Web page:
I’ve had some trouble with debris falling from her udder into the bucket while I milk her too. I helped this by starting to brush her udder before I milk, and then at the suggestion of a dairyman, I took a set of beard trimmers to her udder. That must have been quite a sight. Me, leaned over this cow, practically upside down with a pair of beard trimmers, shaving the cow’s udder. But, now it’s got much less fuzz for mud to get stuck in and makes it much easier for applying stimulating creams like Dynamint and the like. They say you can singe it off too, but I’d be more likely to toast her udder and I didn’t want to press my luck.

And I get to repeat this frustrated scenario twice a day. I’ve noticed that I’ve been dreading getting out of bed in the morning because I know I’ve got to repeat this futile scene.

One of the things that I want to put together is a proper milking stall with a head gate/stanchion. I need for her to stop moving around so much for one. If I can get her in a head gate this may help. I’ve been looking at something like this. It has a head gate with a manger in front of her, but also has a hinged squeeze gate on the side with room so you can get to her to milk, but it has enough squeeze that she can’t sway back and forth when she’s restless.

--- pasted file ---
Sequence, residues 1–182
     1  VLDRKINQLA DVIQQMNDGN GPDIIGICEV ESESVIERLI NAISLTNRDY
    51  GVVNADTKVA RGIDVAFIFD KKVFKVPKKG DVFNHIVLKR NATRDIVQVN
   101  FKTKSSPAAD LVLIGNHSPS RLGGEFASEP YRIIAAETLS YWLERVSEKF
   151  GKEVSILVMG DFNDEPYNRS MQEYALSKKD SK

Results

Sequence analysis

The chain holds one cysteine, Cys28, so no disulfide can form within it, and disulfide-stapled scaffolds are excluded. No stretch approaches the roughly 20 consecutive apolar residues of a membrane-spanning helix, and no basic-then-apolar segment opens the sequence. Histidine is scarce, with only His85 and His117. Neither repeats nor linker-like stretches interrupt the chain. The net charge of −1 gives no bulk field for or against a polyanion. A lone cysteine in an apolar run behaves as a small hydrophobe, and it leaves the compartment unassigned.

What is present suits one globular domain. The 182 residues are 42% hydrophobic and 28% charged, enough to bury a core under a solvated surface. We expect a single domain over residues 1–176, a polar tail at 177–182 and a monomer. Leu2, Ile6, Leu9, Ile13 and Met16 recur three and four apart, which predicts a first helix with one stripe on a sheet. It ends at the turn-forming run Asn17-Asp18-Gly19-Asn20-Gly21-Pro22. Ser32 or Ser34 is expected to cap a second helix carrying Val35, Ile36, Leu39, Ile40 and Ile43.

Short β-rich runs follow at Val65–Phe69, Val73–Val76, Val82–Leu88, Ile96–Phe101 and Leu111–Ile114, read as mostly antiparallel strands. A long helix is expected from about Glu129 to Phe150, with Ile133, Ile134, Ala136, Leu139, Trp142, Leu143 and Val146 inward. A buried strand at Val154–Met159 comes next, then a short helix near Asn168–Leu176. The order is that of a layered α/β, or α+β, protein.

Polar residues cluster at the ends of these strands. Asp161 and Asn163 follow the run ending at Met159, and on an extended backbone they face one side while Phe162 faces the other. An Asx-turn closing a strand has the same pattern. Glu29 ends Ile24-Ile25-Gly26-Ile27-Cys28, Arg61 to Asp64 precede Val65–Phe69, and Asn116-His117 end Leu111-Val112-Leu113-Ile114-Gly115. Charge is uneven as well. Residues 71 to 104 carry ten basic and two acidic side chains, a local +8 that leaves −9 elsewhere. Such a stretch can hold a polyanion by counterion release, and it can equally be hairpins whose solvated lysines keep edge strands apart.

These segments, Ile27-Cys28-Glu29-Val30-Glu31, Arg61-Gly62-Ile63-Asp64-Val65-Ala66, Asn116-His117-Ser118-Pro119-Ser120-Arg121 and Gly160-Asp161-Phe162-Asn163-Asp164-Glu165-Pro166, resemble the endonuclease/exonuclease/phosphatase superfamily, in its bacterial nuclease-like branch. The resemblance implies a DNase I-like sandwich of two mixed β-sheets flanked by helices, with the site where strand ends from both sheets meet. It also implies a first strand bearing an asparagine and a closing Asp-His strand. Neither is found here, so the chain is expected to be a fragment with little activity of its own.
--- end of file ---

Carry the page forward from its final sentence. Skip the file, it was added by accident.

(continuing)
Yesterday we got a couple of stall mats for the milk shed too. It rained a couple of inches over the weekend and it’s turned everything into a sloppy mess, including the entry to the barn and the first four feet into the barn. I figure if I can put the rubber mats in, I can at least scrape the poop off of them, something that I can’t do if there is nothing but mud underneath it.

That would answer the question of standing still and fixing having to put my bucket in a pile of mud and poop but doesn’t answer the question of let down and quantity of milk.